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Read more about the Goodman DUI conviction being reversed and sent for a new trial at: Palm Beach DUI.
Here’s an example of a police officer, arrested for DWI in upstate New York, getting extremely favorable treatment.
The village police allowed union representatives in to the booking area to advise the arrested officer from the neighboring city.
The District Attorney for Travis County, Texas, has been arrested for drunk driving and entered a plea of guilty. Travis County is better known for its main city, Austin. Ms. Lehmberg has been a prosecutor for nearly 40 years. Read more about her arrest for DWI (the term in Texas) and her quick guilty plea at the Austin Statesman.
While we would usually be harsh on a prosecutor getting a DUI, Ms. Lehmberg seems to have been relatively reasonable in her career. We couldn’t find any stories about her bragging of being tough on crime, nor of her identifying with MADD or otherwise grandstanding on the DUI issue. In some ways she has been a leader on diversion in drug cases. Diversion favors education and treatment over jail and the scarlet letter of a conviction. Since this is similar to our goals for DUI cases, we wish Ms. Lehmberg the best in this difficult time.
Here is a pdf file you should print out and carry in your car with you. It includes four important statements you can convey to police without speaking.
The four statements are:
I Am Remaining Silent
This comes from your Fifth Amendment right to remain silent, recognized in the famous Miranda decision from the US Supreme Court. Note that Miranda was badly eroded by Berghuis v. Thompkins, requiring that you affirmatively invoke the right to remain silent. While that sounds like a Catch-22, showing the police a printed version of the statement allows you to affirmatively invoke the right while remaining silent.
Am I Free To Leave?
This is a popular question we hear people asking police and other government agents. If the answer is yes, then you should leave. But of course, if you are intoxicated you should not drive away. Walk away and call for help. If you drive away that may give the police the evidence they need to arrest you – they may not have been able to prove you were driving. If you are not free to leave, that tells you that the officer is detaining you and you should understand at that point they are trying to put you in jail and you should not help them do so.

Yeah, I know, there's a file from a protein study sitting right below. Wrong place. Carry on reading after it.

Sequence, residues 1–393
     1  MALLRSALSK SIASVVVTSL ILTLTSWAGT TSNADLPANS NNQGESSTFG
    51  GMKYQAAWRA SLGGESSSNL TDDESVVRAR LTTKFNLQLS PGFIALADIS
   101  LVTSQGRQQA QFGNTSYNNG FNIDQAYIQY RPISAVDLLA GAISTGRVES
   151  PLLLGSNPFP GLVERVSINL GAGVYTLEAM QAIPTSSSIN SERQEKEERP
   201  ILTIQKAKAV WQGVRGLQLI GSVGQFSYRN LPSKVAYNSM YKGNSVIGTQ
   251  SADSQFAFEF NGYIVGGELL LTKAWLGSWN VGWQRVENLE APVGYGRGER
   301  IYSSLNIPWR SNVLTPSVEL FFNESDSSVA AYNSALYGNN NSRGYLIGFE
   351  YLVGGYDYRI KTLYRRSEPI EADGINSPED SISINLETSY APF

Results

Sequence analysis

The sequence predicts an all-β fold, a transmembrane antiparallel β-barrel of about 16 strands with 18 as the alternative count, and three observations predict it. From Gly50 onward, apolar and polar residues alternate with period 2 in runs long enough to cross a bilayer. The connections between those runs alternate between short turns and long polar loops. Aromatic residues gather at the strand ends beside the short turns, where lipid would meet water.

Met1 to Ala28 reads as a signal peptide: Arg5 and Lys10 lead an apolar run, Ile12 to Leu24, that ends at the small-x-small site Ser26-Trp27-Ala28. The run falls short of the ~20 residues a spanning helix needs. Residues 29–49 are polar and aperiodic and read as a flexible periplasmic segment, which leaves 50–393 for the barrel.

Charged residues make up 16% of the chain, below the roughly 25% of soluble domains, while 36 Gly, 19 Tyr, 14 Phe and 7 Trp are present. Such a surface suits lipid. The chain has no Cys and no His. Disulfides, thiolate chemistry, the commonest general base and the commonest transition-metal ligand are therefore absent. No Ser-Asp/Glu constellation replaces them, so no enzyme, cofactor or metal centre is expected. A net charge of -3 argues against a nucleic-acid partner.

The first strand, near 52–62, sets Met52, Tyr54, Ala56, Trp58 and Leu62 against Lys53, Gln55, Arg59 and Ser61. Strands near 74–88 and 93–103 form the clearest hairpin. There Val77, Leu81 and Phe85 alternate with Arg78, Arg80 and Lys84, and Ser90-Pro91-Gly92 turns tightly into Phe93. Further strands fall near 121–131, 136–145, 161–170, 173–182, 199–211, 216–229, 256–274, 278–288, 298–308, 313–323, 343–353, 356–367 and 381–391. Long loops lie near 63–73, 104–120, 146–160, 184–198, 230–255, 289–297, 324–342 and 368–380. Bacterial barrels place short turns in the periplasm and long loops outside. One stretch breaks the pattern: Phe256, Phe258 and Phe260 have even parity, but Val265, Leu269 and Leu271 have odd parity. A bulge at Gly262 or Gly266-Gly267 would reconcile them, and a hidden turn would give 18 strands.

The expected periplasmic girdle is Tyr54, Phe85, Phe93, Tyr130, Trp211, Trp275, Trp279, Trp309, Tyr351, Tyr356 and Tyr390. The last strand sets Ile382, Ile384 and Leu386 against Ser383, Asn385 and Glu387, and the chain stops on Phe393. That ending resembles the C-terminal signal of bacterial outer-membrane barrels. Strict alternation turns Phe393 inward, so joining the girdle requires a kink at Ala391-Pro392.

I Refuse Search Requests
This comes from your Fourth Amendment right to be free from unreasonable search and seizure. Many people consent to searches. Some police lie and claim that the search was by consent. Pointing to this document shows clearly that you do not consent to any searches. They will still be able to search if they get a warrant, but then again they may not get a warrant. Even if you have nothing to hide, you should not consent to searches. There’s always the risk that someone else left something in your car without telling you, and also the risk that the police will plant evidence. There are bad cops out there. Don’t help them put you in jail.
I Want A Lawyer
This comes from your Sixth Amendment right to counsel. Once you assert you want a lawyer, the police should not ask you any further questions. They may disregard that, but you should remain firm. Don’t help them put you in jail.
Here’s a jpeg of it for those who find that easier.
Police often rely on a handheld device to test drivers’ breath at the scene of traffic stops. Politicians, prosecutors, judges, and often defense lawyers and juries, incorrectly think these devices are reliable. That is not necessarily the case. Read more about it in the San Francisco Chronicle.